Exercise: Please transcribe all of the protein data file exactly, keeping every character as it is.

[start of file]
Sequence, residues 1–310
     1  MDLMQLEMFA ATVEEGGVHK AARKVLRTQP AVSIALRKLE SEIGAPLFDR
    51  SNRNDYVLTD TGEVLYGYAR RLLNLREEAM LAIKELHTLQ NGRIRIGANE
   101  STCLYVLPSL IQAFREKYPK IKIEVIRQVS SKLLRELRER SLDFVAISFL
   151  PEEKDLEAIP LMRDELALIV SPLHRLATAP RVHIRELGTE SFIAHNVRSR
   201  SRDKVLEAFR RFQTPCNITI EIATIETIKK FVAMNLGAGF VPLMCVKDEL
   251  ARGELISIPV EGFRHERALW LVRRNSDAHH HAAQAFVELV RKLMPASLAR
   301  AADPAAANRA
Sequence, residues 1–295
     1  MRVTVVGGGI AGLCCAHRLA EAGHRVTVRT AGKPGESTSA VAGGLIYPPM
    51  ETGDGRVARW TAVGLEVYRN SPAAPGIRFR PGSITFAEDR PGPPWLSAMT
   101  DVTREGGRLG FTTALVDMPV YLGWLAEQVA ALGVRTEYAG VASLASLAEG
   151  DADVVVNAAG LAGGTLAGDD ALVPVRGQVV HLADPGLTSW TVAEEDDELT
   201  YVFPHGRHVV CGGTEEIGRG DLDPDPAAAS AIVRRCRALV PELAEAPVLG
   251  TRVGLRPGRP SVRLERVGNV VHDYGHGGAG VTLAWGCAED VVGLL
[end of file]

Sequence, residues 1–310
     1  MDLMQLEMFA ATVEEGGVHK AARKVLRTQP AVSIALRKLE SEIGAPLFDR
    51  SNRNDYVLTD TGEVLYGYAR RLLNLREEAM LAIKELHTLQ NGRIRIGANE
   101  STCLYVLPSL IQAFREKYPK IKIEVIRQVS SKLLRELRER SLDFVAISFL
   151  PEEKDLEAIP LMRDELALIV SPLHRLATAP RVHIRELGTE SFIAHNVRSR
   201  SRDKVLEAFR RFQTPCNITI EIATIETIKK FVAMNLGAGF VPLMCVKDEL
   251  ARGELISIPV EGFRHERALW LVRRNSDAHH HAAQAFVELV RKLMPASLAR
   301  AADPAAANRA
Sequence, residues 1–295
     1  MRVTVVGGGI AGLCCAHRLA EAGHRVTVRT AGKPGESTSA VAGGLIYPPM
    51  ETGDGRVARW TAVGLEVYRN SPAAPGIRFR PGSITFAEDR PGPPWLSAMT
   101  DVTREGGRLG FTTALVDMPV YLGWLAEQVA ALGVRTEYAG VASLASLAEG
   151  DADVVVNAAG LAGGTLAGDD ALVPVRGQVV HLADPGLTSW TVAEEDDELT
   201  YVFPHGRHVV CGGTEEIGRG DLDPDPAAAS AIVRRCRALV PELAEAPVLG
   251  TRVGLRPGRP SVRLERVGNV VHDYGHGGAG VTLAWGCAED VVGLL